The Burma-Karen conflict, one of the longest running civil wars in the world, started in 1949, soon after Burma gained independence from the British. The Karen people have been fighting for autonomy from Burma (Myanmar) since then. There are 140,000 Karen people living in refugee camps in Thailand, and close to 50,000 Karen people have been resettled in developed countries, including America. This is the story of one such Karen family who made it safely to the Bay Area.
Moe Win and Paw Eh Kue talked to me through an interpreter. The interview was organized and facilitated by International Rescue Committee, an organization that helps people from war-torn countries resettle — “survive, recover and gain control of their future.”
When he lived in Burma, Moe Win had to carry supplies for the military. He was forced to walk in front of the soldiers so that if they encountered any fire, he would be hurt first. Win decided that this was not the life he envisioned for him and his family.
Paw Eh Kue, now a grandmother, said that they all had to “make runs” for the war, women and children included, and they were required to carry “heavy stuff.” As a result, one of her daughters broke her back, and Kue had to carry her daughter, too, on these runs.
Kue and Win left Burma for a refugee camp in Thailand following the trail of other family members who had left before them.
They were fortunate to be selected by the United Nations Refugee Agency from the refugee camp for resettlement in the Bay Area. Win has been living in Oakland since December 2014, along with his wife and 8-year-old son, and Kue — Win’s mother-in-law — arrived in San Francisco close to six years ago.
According to the Pew Research Center, more refugees — 8,112 refugees — were admitted to the United States from Burma than any other country between Oct. 1, 2015, and May 31, 2016. A sizable number of Burmese refugees have settled in East Oakland.
Freedom and opportunities in America are what both Win and Kue marvel at. That, and the fact that they can walk into a grocery store, pick up vegetables and prepare a meal right away. Back in Burma, they had to grow their own food or go into the nearby forests to procure it. Planning ahead was essential. “To eat vegetables next year, we had to grow it this year,” Kue said.
Both Win and Kue, like many Karen people before them, arrived with a severe handicap: Both do not speak English.
A San Francisco State University report published in 2011 indicated that Burmese refugees were facing ongoing hardship because of their poor English language skills. Sixty-three percent were unemployed or poorly employed, 38 percent spoke no English at all and 47 percent indicated that English classes was the “most needed service in their community.”
In all my interviews of immigrants and refugees, knowing English has emerged as one of the most essential skills to acquire in order to thrive in America. English is the language of jobs. Without a working knowledge of English, refugees find themselves at a loss, dependent and limited to opportunities only within their own communities.
Granted, Win and Kue did not have much need for English thus far. Their experiences had much to do with coping with the conflict in their country and finding a meaningful way to live in makeshift camps in Thailand.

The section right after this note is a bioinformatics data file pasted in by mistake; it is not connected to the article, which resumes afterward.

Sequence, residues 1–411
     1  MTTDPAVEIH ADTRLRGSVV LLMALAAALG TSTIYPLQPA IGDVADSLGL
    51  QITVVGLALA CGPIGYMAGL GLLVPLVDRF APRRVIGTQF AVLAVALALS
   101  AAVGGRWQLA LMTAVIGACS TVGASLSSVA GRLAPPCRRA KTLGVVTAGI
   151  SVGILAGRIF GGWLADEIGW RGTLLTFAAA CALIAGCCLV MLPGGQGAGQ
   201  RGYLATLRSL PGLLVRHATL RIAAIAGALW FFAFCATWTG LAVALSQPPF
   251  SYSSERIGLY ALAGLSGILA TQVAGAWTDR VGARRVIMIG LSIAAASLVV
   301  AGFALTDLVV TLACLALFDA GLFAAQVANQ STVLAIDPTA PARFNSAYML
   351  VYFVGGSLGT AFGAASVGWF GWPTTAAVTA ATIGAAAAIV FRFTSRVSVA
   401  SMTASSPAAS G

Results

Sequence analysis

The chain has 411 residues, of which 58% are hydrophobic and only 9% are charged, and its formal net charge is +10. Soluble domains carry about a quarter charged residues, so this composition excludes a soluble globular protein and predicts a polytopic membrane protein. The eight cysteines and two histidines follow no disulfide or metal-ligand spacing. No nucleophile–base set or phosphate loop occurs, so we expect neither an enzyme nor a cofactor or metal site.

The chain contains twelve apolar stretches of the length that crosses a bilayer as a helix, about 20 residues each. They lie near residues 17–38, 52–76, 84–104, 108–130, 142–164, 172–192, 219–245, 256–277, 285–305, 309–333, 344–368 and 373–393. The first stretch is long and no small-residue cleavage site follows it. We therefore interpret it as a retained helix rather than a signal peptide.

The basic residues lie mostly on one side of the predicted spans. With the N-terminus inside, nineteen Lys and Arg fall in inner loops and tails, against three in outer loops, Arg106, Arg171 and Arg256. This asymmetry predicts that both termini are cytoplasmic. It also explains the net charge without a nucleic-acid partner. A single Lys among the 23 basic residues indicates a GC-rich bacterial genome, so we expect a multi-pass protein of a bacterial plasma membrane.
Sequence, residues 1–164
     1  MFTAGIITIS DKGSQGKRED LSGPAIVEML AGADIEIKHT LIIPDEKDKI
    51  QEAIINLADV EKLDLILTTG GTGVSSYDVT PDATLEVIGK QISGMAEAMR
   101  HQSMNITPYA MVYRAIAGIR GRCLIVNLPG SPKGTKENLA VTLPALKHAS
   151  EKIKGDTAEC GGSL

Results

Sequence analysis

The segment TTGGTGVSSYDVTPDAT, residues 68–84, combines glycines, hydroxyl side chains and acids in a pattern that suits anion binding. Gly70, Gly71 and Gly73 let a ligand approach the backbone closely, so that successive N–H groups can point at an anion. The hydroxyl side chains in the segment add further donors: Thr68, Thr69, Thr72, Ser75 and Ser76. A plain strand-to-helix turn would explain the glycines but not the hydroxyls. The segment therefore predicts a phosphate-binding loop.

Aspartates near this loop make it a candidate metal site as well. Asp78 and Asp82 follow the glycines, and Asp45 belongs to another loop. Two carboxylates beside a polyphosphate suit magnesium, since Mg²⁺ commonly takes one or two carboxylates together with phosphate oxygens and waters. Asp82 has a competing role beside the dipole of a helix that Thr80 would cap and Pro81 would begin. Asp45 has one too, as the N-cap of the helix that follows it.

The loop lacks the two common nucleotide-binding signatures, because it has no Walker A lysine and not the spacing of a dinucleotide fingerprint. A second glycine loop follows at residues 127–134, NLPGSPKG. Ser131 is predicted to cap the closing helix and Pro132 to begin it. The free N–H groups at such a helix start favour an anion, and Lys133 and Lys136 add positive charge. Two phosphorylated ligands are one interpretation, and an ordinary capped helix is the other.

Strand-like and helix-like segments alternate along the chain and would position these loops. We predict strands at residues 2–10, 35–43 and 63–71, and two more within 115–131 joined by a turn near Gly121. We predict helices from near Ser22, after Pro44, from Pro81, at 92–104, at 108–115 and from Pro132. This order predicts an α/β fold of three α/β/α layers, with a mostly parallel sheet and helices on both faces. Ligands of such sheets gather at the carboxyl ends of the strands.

Karen refugees appear to be one of the most disempowered communities. The SFSU report indicated that 81 percent of Karen refugees are unemployed, and 90 percent do not have a high school education. The report is five years old now, but still provides a timestamp of the problems that refugees from Burma and Karen faced, and perhaps still face; and provides us with a sense of what may still need to be done to ensure the progress and self-sufficiency of refugees living among us.
The Federal Refugee Cash Assistance Program provides cash and medical assistance for the first eight months in the United States. After that refugees must manage on their own.
Win works at Burma Superstar restaurant in Alameda. He makes mostly salads for the patrons — “chili salad, ginger salad, chicken salad, mango salad, and vegetable noodles.”
I asked Win where he sees himself 10 years from now. He didn’t hesitate before responding that he hopes to run his own business. “I’m not sure yet what kind of business, but perhaps a restaurant,” he said, admitting that he didn’t have the “money or the education” to start something right away.
Both Win and Kue believe that even though they’ve arrived in this land of hope and choice, “it might be too late” for them. For their children, however, they know they made the right decision. Win made a particular point of mentioning the availability of “good education” for his son. Twice.
Win and Kue’s struggles and aspirations have given them a particular and uncommon resilience. Yes, to them it might seem like a strange new world in which they don’t have a lot of leverage, but their ability to focus on how best they can work with what they have is a heartening story in itself.
One after the other, Win and Kue smiled cheerfully as they nodded their heads and announced resolutely to me, “I am happy here.” And I believe them.
Jaya Padmanabhan can be reached at firstname.lastname@example.org. Twitter: @jayapadmanabhan. In Brown Type covers immigrant issues in San Francisco. Over the next few weeks, this column will focus on stories of refugees who have resettled in and around San Francisco.